Paralyzed Stingley is one reason Cardinals' Cecil won't get off easy


October 03, 1993|By VITO STELLINO

When Chuck Cecil of the Phoenix Cardinals was nailed with a $30,000 fine a week ago for repeatedly hitting opponents with his helmet, he was quick to complain.

He said he'd appeal and argued he's always played that way.

"I'm playing the same way I did 12, 13, 14 years ago when I was in high school and now all of a sudden, it's illegal. I don't understand," Cecil said.

Don't expect his appeal to be successful.

The fine was endorsed last week by the one person who understands firsthand how dangerous helmet hits can be.

He's Darryl Stingley, the former New England Patriots wide receiver who was paralyzed by a Jack Tatum hit in 1978.

Stingley, who lives in Chicago, said: "You've got to fine them to remind them. By fining him, you single him out and put him in a fish bowl."

He added: "People watch us and liken us to a character in a Nintendo game. But there's a living, breathing human being under there. With a family."

Although Stingley was the last player paralyzed by a hit from a defensive back (Mike Utley in 1991 and Dennis Byrd, who recovered last year, were linemen paralyzed by freak collisions), he thinks the NFL has to remain vigilant.

"We need more actual policing of the game," he said.

That doesn't mean Stingley is against hard hitting.

He said he was a big fan of Hall of Fame middle linebacker Dick Butkus, who played his last year with the Chicago Bears in 1973 when Stingley was a rookie.

"Players disappeared when Dick Butkus hit them. He played hard and tough. And we knew he did a few things like biting and scratching. But he never meant to hurt anybody."

Cecil probably doesn't mean to hurt anybody, either.

But those hits with the crown of his helmet are as dangerous to Cecil as the players he hits.

The rematch

Don't expect the Buffalo Bills to be intimidated tonight when they host the New York Giants in a rematch of Super Bowl XXV.

That's because the Bills tend to dominate the NFC -- except in the Super Bowl. They're 11-2 against NFC teams since 1990. The only two losses came in 1990 and 1991 in the season finales when the Bills were resting veterans against the Washington Redskins and Detroit Lions.

The Bills already have avenged last year's Super Bowl loss, beating the Dallas Cowboys, 13-10, although they were helped by the fact Emmitt Smith was holding out.

If they beat the Giants tonight, they'll have a chance to sweep all three teams they lost to in the Super Bowl. They play host to the Redskins Nov. 1.

Carlton Bailey, the Baltimore native who signed with the Giants as a free agent, has a unique perspective on today's game because he was on the Bills' three Super Bowl-losing teams.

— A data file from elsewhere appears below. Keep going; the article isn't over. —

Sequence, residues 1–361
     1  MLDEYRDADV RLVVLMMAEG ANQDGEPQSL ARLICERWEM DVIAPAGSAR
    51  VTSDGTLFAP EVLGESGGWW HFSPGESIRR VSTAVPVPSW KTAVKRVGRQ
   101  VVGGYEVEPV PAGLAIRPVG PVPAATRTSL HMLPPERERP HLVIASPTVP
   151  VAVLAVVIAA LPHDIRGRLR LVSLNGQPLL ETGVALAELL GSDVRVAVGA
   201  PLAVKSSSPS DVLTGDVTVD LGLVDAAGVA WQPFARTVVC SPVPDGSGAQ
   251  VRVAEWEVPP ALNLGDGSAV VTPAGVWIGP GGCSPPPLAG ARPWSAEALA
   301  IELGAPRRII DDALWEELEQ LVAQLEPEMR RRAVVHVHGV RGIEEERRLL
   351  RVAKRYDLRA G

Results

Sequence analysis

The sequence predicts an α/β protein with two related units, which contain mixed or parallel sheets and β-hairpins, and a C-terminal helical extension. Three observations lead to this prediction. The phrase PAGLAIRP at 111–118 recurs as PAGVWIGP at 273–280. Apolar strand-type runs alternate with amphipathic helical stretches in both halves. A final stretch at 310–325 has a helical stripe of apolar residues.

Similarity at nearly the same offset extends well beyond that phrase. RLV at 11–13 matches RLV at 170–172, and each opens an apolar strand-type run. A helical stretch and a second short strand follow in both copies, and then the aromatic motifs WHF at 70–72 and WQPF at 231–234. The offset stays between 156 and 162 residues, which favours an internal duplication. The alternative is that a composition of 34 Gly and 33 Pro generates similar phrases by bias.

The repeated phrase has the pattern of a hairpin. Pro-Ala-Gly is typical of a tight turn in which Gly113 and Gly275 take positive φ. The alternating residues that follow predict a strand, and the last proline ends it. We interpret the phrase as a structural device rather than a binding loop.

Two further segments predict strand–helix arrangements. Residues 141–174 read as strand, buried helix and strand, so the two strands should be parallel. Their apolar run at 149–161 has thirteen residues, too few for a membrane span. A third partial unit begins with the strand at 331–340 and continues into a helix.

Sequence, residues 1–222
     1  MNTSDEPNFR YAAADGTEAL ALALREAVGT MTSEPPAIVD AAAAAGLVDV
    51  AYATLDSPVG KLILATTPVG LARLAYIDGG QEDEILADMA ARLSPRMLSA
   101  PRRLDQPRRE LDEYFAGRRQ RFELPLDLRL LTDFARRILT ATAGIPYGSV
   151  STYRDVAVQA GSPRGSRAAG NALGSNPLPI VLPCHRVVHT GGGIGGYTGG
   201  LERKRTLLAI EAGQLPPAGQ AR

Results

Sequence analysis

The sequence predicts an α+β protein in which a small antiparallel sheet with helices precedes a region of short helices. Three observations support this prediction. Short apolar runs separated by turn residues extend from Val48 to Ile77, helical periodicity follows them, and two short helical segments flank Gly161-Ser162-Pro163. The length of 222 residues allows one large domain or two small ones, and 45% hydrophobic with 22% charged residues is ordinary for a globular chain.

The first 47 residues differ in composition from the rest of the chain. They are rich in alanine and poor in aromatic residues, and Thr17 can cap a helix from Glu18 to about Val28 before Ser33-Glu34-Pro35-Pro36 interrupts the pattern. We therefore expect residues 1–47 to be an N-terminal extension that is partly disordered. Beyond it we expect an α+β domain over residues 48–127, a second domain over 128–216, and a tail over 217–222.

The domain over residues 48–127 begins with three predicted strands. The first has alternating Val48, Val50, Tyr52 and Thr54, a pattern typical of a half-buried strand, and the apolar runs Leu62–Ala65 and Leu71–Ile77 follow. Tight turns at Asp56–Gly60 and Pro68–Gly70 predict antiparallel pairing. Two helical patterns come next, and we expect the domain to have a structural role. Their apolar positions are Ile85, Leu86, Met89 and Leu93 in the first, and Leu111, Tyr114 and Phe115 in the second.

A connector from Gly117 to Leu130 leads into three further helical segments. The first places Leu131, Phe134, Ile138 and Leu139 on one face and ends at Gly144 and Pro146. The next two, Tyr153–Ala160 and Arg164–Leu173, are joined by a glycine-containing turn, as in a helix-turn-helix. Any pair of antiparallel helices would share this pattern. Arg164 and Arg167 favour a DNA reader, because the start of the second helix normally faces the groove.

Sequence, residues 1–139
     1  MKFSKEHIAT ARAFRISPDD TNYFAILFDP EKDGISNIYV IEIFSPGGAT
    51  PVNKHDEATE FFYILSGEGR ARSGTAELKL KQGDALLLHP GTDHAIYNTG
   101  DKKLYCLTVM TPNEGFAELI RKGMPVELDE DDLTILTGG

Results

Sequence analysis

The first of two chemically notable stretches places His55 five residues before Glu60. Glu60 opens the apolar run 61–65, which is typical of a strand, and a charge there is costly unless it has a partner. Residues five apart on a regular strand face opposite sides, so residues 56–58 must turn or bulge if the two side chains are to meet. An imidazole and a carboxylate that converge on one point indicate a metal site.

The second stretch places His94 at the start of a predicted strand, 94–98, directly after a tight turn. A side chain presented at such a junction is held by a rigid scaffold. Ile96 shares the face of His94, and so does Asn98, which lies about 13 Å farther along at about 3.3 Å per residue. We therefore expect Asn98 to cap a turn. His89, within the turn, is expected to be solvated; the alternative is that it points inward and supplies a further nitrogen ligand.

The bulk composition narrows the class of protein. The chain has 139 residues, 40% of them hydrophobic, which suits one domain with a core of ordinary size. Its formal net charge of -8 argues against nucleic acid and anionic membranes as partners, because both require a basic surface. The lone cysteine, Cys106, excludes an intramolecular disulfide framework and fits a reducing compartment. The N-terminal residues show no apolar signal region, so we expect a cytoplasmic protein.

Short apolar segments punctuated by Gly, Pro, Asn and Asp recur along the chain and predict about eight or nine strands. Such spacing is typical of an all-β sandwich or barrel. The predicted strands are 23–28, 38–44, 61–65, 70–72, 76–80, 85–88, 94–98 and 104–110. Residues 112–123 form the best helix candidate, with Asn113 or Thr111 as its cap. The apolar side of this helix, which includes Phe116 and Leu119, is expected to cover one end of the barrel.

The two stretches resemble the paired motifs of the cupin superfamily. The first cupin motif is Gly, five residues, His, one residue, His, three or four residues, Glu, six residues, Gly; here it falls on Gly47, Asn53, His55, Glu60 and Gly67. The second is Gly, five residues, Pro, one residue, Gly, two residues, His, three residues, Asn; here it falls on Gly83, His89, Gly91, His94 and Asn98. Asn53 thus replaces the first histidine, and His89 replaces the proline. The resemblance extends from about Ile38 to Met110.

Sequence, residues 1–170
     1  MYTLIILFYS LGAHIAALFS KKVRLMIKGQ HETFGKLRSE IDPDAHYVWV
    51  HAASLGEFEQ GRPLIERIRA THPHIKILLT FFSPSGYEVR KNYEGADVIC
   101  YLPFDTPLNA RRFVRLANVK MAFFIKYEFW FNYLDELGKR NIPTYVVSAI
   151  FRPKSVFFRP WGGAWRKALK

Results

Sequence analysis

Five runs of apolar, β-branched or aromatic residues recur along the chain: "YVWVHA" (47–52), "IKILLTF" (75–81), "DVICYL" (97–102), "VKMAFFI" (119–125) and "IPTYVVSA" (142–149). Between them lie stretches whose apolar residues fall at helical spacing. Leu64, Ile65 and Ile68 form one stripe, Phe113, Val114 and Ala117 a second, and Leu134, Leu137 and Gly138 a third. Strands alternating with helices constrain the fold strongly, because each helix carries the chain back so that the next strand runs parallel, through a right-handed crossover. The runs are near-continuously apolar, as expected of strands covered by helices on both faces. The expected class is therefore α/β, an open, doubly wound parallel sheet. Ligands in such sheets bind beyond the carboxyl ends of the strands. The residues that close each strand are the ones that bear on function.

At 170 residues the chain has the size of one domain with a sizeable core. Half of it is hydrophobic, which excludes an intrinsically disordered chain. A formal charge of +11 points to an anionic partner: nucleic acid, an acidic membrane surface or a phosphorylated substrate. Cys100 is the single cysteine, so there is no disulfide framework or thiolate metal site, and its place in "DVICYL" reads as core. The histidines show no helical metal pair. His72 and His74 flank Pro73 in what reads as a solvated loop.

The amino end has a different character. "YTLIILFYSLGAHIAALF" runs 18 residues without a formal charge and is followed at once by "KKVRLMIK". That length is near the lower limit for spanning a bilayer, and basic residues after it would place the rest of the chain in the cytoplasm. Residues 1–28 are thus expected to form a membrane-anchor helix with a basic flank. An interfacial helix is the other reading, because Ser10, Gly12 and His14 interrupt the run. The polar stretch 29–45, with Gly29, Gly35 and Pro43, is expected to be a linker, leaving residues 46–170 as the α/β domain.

"People don't remember we played them [Giants] twice that year. We beat them in the regular season, and it was just unfortunate we lost the second game," Bailey said.

The Giants, of course, have a new coach who knows something about losing Super Bowls. He's Dan Reeves, who lost three of them as head coach of the Denver Broncos.

Expansion update

It's deja vu all over again for the Charlotte expansion officials.

When the owners got the first look at its stadium-financing proposal in May of 1992, they had a negative reaction to the idea of financing the stadium simply with club seats and luxury boxes.

So Charlotte redesigned the plan to include Premium Seat Licenses in which they'd put a surcharge on 62,000 seats. Money raised was to be used to finance a new stadium. They sold about 50,000 of them and presented the plan in Chicago.

Mark Richardson, who designed the plan, said last week that the owners still don't like the Charlotte request for a waiver to put $3.2 million of its $9.4 million club-seat revenue each year into stadium financing for 15 years, instead of sharing it with the visiting teams.

Richardson said Charlotte will now try to revise the plan a third time before the teams are named at the end of the month.

"That's our challenge: to find areas where we can free up cash to allow us to share club-seat premiums at an earlier date and still retire the debt on our stadium. It's a challenge and we are optimistic that we will be able to work it down from the 15-year exemption," he said.

Charlotte's problem is that the owners put much more of an emphasis on the visiting team's share than commissioner Paul Tagliabue does.

At the meeting in Chicago a week ago, Tagliabue said, "Everyone always likes to see the largest visiting team share they can get. In terms of what we're looking at here, it's a positive, but it's not going to make or break a National Football League team. The differentials that we're talking about would pay 50 percent of the salary of the average player. Relative to the big picture, it's not a big number."

Since the average salary is now $650,000, he was talking about a swing of roughly $325,000.

That's a bigger number to the owners than it is to Tagliabue. The owners were willing to save $50,000 each by cutting his salary from $3 million to $1.6 million.

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